Photo by Mama’sMagicStudio.
6. Feed ‘Em!
A refreshments table is a nice touch for any trunk show and the perfect place for promotional materials. Don’t forget a sign-up for your mailing list.
7. Get Help
Don’t be shy about asking for help. Etsy Teams can apply for an Etsy Team Grant. Etsy generously supported The Sampler with funds for advertising and supplies. Charge a table fee if you need financial help to achieve your goals for a group show. Get team members or show participants to pitch in. Recruit family and friends. Always communicate clearly and kindly about what help you need and be sure to…
8. Say Thanks
Send thank you notes to everybody who helped – email is great, but even better is a handwritten note. Bonus points for using handmade cards!
Embroidered thank you card by CrookedSister of the SF Etsy team.
9. Get Feedback
While you’re thanking folks, ask them for some feedback about the show. What worked? What didn’t? Google forms is a free online tool for obtaining and organizing such information.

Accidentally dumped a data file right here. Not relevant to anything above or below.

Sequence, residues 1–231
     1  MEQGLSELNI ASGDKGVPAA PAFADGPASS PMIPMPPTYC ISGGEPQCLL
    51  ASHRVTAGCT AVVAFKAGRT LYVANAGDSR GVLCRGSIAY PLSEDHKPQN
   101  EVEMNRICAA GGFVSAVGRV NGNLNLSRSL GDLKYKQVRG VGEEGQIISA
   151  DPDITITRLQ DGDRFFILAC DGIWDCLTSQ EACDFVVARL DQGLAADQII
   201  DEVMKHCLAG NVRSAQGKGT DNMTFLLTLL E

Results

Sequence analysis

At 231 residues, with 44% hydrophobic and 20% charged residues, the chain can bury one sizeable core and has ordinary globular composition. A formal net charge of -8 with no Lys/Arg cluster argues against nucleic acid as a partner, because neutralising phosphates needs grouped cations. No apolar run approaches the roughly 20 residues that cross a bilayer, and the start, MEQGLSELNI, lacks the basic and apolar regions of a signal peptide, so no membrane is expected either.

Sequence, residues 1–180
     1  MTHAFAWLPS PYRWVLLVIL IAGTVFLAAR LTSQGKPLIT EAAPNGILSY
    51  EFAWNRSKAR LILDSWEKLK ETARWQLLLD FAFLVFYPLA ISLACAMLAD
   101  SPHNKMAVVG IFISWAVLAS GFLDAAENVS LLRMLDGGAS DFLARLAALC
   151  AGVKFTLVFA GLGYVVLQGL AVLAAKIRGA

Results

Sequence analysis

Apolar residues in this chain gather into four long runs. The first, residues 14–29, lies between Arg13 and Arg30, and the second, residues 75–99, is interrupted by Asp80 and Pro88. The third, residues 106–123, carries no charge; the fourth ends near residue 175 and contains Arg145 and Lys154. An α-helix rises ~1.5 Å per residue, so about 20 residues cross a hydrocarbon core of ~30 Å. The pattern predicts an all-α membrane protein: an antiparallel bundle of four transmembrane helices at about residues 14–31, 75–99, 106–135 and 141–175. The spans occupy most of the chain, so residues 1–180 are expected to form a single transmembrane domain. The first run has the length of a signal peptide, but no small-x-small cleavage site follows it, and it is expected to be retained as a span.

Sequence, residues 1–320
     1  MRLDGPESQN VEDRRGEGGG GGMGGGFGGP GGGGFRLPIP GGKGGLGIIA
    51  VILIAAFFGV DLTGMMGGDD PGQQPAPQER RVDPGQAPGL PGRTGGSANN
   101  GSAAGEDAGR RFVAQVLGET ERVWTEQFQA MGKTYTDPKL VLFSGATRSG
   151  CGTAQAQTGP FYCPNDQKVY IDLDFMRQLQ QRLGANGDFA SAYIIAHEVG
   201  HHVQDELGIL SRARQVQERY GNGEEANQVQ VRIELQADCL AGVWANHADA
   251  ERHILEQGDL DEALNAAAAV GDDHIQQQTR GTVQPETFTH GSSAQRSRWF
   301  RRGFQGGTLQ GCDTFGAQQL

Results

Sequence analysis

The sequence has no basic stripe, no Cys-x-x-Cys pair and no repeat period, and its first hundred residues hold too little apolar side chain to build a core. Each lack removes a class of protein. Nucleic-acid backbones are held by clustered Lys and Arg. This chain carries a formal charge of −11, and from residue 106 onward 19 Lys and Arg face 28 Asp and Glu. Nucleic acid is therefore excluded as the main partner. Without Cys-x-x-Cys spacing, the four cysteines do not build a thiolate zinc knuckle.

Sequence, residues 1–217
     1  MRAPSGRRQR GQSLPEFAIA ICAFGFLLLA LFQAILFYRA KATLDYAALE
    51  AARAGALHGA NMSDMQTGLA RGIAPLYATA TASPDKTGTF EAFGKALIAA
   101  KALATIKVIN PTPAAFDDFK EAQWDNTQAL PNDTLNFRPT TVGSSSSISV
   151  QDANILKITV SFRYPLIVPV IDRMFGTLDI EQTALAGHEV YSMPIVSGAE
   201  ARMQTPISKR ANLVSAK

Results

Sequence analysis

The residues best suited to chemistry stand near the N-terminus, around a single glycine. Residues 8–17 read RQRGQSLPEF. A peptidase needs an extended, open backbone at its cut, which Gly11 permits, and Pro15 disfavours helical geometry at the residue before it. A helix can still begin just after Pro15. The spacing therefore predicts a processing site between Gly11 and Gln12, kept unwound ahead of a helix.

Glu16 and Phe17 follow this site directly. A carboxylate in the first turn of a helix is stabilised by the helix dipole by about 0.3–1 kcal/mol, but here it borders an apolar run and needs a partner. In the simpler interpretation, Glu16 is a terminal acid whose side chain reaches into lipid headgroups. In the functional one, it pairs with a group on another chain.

10. Beyond the Single Show
Promoting the event itself is hugely important, but don’t forget that a single show presents a great marketing opportunity in larger terms. We knew that The Sampler would be getting good press, and we wanted to capitalize on that to benefit SF Etsy as a whole. All online marketing linked to our team blog, where I set up a static page for The Sampler. I hoped that once people were there they’d want to see more, so I also set up another static page – a shopping guide for SF Etsy (an easy and ingenious idea borrowed from other team blogs). After the event, team member Akiyo, a.k.a. MyDearDarling, posted a podcast in which she interviewed all the Sampler participants. Long after the show is done, this podcast will be a fantastic resource for learning more about SF Etsy artists and getting unique insights into the SF Etsy community.
We know trunk shows are popular events for Etsians, so we’re sure other folks have suggestions as well. We’d love to hear from you in the comments!